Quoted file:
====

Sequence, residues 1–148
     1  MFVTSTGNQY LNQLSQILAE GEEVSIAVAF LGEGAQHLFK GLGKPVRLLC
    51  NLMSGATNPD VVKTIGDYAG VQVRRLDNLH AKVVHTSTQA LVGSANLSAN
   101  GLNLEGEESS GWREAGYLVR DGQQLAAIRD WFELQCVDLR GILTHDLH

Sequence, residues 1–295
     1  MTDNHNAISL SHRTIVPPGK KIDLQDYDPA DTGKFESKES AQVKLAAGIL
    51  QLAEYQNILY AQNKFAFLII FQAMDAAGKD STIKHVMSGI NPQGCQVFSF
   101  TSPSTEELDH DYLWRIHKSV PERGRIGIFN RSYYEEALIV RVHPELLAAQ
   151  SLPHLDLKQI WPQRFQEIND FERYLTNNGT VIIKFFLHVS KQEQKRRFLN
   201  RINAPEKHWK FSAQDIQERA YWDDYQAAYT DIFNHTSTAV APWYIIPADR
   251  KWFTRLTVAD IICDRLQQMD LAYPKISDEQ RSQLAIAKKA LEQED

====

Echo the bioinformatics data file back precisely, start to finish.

Sequence, residues 1–148
     1  MFVTSTGNQY LNQLSQILAE GEEVSIAVAF LGEGAQHLFK GLGKPVRLLC
    51  NLMSGATNPD VVKTIGDYAG VQVRRLDNLH AKVVHTSTQA LVGSANLSAN
   101  GLNLEGEESS GWREAGYLVR DGQQLAAIRD WFELQCVDLR GILTHDLH

Sequence, residues 1–295
     1  MTDNHNAISL SHRTIVPPGK KIDLQDYDPA DTGKFESKES AQVKLAAGIL
    51  QLAEYQNILY AQNKFAFLII FQAMDAAGKD STIKHVMSGI NPQGCQVFSF
   101  TSPSTEELDH DYLWRIHKSV PERGRIGIFN RSYYEEALIV RVHPELLAAQ
   151  SLPHLDLKQI WPQRFQEIND FERYLTNNGT VIIKFFLHVS KQEQKRRFLN
   201  RINAPEKHWK FSAQDIQERA YWDDYQAAYT DIFNHTSTAV APWYIIPADR
   251  KWFTRLTVAD IICDRLQQMD LAYPKISDEQ RSQLAIAKKA LEQED